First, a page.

I love creating a big focal or earring components that look so much like the genuine gemstone that my jewelry designer customers can create statement jewelry using the faux focal and much smaller, genuine stones.   My first faux experiments five years ago actually came out of a customer request for Golden Tiger Eye, something I still am trying to achieve.  

I start by studying a specimen of the genuine gemstone I want to imitate.  I may study it for several days or even weeks before attempting it in polymer clay.   Trying to create an organic look from an inorganic compound like polymer is more difficult than it appears. The hardest part is creating, for lack of a better word, believable depth and texture; and creating texture is easier than creating depth.

This was, for me, a large batch of experimental clay, one that yielded a dozen pieces, when a normal batch only yields 2 or 3 pieces at most.  When my original ideas for a faux purple copper Turquoise or a purple Impression Jasper didn't pan out, I was left with several sheets of extremely thin clay, which yielded a dozen finished pieces, which I've been staring at for two days while trying to decide what to call them. I finally settled on “Faux Violet Druzy” after cruising through Lima Beads this afternoon and finding that gorgeous cabochon.

Am I disappointed the Purple Copper Turquoise and the Purple Impression Jasper didn't pan out? A little, but I love my Violet Druzy, too.  

One of the best things about being an artist is that there is no right way or wrong way to create.  Happy accidents are good, and these are wicked good happy accidents, if I do say so myself!

If you would like to see more of the Faux Druzy collection, please check out my Flickr Photo Stream.   Now I'm going to beat it back to the studio!  

Monday, April 1, 2013

Faux Fantasy Turquoise and an Exercise in Patience

Faux Carico Lake Turquoise Arrowhead Earrings

I have been trying to determine what my next tutorial will be about, and so I have been experimenting a lot.  First up:  Faux turquoise.  I LOVE turquoise, and wanted to try and come up with polymer versions of some of my favorite types of genuine turquoise, like Carico Lake and Blue Gem, neither of which I will ever be able to afford. 

Creating faux turquoise also satisfies my need for big, bold pendants and earrings.  I can create as big a focal as I want in polymer, whereas a piece as large in the genuine turquoise stone would be way out of my price range, and probably almost everyone else's price range, too.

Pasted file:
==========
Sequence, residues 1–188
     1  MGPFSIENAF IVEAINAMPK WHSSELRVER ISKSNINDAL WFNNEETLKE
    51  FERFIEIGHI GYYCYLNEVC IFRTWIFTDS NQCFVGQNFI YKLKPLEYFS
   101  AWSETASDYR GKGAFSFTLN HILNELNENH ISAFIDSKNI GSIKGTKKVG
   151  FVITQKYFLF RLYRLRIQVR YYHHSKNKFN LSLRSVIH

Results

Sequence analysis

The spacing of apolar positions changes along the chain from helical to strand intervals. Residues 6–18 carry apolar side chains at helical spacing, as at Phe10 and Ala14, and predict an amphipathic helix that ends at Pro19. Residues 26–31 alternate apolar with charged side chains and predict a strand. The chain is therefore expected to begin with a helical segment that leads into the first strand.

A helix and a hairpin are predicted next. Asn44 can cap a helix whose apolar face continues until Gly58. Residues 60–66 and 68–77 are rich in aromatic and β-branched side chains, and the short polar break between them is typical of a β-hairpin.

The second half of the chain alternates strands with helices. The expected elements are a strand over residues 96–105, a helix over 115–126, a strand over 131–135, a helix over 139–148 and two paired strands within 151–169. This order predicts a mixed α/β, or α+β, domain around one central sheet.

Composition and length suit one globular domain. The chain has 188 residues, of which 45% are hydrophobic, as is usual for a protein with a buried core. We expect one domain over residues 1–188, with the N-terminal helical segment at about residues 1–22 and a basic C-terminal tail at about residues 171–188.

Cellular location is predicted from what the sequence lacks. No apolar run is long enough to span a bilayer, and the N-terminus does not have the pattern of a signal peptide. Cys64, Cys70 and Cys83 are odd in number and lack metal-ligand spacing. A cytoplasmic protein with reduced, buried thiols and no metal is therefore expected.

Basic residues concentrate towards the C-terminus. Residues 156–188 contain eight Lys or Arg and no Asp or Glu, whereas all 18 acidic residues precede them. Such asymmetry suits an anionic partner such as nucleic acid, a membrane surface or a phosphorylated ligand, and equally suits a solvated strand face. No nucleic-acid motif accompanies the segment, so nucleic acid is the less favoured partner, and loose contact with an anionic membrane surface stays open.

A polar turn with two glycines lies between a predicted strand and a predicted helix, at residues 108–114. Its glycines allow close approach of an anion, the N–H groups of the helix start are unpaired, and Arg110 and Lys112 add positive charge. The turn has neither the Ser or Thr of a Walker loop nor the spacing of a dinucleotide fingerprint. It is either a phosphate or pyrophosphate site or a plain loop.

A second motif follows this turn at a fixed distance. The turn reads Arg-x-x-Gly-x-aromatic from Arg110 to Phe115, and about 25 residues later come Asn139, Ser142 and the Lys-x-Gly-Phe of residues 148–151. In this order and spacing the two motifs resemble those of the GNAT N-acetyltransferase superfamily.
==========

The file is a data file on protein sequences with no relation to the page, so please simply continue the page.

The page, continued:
I made more than 120 pieces in the last 10 days, and sanded so much, I'm out of commission because my fingers are a cracked and bloody mess. 

I am also out of clay, and it is torture!  I am very impatient to get back in the studio and do some Spring creating.

Faux Blue Gem Turquoise Pendant
I am seeing such beautiful new work from all my favorite polymer artists and I am jealous I can't get in there and create some new things, too.   

Until my fingers heal, I'm spending the time sorting finished pieces into three batches:  List, Trash and Butt Uglies.  If a piece passes the Diva Perfection Test, it goes in the List pile.  Pieces with imperfections go in the Butt Uglies Jar for my Momma.  Things I don't like or are too ugly for the Butt Uglies Jar get tossed.

Faux Carico Lake Turquoise Earrings

Of the 120+ pieces I created, I ended up with about 45 List pieces and 40 or so Butt Uglies.   The rest got tossed... a lot of wasted clay, unfortunately.

The next step is photographing and deciding which pieces to list first.  This is the hardest part for me.  There are only so many items you can fit on the first page of your Etsy shop, so I have to decide which are my favorites.

Diva Fantasy Turquoise Earrings

These are some of the pieces that made the cut and will be listed.  Seeing the final result is so worth the wrecked digits; and several of the pieces have already been reserved or sold.

Faux Blue Gem Turquoise Earrings

Which brings me to something I wanted to say.  If you see something in my Flickr photo stream that is not listed in my shop, ask me about it.  I only have the energy to post a few pieces at a time, so it may be that I just haven't gotten to the one you want yet.  I am always happy to reserve pieces for my loyal customers.  Email me and we'll discuss it, okay?

Thank you!